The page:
Immigrant Residential Patterns in U.S. Metropolitan Areas, 1990-2000
John Iceland, University of Maryland
Melissa Scopilliti, University of Maryland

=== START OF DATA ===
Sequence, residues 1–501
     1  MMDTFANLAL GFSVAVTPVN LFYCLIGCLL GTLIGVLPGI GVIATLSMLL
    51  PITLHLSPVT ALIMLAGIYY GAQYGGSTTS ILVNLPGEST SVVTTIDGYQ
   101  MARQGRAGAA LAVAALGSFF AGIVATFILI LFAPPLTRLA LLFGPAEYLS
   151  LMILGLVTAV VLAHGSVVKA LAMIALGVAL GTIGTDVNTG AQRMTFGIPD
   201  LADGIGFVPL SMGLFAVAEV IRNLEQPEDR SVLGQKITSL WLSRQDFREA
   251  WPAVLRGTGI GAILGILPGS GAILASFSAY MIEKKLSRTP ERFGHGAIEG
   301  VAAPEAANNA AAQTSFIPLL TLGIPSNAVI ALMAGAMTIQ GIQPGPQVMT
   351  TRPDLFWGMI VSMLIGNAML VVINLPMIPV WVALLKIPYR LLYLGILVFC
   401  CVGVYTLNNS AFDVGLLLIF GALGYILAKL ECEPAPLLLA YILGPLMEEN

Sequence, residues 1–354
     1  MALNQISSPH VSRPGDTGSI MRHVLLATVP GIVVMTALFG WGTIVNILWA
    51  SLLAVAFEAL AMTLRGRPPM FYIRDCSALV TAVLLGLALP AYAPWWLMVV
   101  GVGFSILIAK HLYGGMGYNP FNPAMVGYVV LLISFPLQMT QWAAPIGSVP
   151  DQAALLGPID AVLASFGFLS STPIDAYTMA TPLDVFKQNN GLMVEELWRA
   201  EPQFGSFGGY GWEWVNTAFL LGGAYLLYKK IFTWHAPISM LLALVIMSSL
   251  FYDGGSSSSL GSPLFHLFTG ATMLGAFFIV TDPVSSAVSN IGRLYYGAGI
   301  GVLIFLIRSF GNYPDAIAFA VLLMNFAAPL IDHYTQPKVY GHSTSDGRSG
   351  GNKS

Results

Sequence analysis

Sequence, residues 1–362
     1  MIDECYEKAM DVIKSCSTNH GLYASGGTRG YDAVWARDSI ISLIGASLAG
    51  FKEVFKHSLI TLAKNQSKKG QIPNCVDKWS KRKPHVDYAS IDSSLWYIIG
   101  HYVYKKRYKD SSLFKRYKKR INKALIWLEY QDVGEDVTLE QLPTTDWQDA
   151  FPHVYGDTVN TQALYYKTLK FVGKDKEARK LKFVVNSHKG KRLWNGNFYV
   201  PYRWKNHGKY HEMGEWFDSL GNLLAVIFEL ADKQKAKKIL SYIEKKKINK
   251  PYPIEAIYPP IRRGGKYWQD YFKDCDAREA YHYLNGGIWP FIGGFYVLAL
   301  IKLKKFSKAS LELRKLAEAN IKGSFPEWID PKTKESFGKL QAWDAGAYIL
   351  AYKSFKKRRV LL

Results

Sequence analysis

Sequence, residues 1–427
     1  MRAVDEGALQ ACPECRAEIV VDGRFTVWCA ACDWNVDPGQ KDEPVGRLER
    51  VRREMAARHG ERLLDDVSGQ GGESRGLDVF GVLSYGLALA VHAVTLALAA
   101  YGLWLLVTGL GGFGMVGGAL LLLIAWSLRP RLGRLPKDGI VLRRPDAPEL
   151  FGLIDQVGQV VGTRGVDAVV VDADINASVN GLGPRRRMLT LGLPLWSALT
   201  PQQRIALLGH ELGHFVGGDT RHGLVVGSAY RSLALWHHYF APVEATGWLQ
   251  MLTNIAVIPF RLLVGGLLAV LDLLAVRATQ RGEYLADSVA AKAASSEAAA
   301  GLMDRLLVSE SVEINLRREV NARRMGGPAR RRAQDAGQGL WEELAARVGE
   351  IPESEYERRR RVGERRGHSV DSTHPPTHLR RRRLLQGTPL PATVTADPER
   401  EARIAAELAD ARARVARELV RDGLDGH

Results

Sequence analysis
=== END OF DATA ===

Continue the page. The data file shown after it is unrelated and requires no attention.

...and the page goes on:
We examine whether spatial assimilation theory provides a good framework for understanding immigrant segregation patterns. We used restricted data from the 1990 and 2000 censuses to calculate dissimilarity and isolation indexes for various racial/ethnic, nativity, and year-of-entry groups, and then conducted multivariate analyses to see if group and metropolitan characteristics help explain differences. We find that spatial assimilation helps us understand many of the segregation patterns. Foreign-born Hispanics and Asians are generally as, or more, segregated from native-born non-Hispanic Whites than the native born, and newer arrivals are more segregated than others. Many patterns can be explained by the characteristics of the foreign born, such as lower levels of education and English language ability, that are associated with higher levels of segregation. However, some patterns do not conform to the predictions of spatial assimilation—Black immigrants are more segregated than other immigrants and group characteristics do less to explain Black segregation.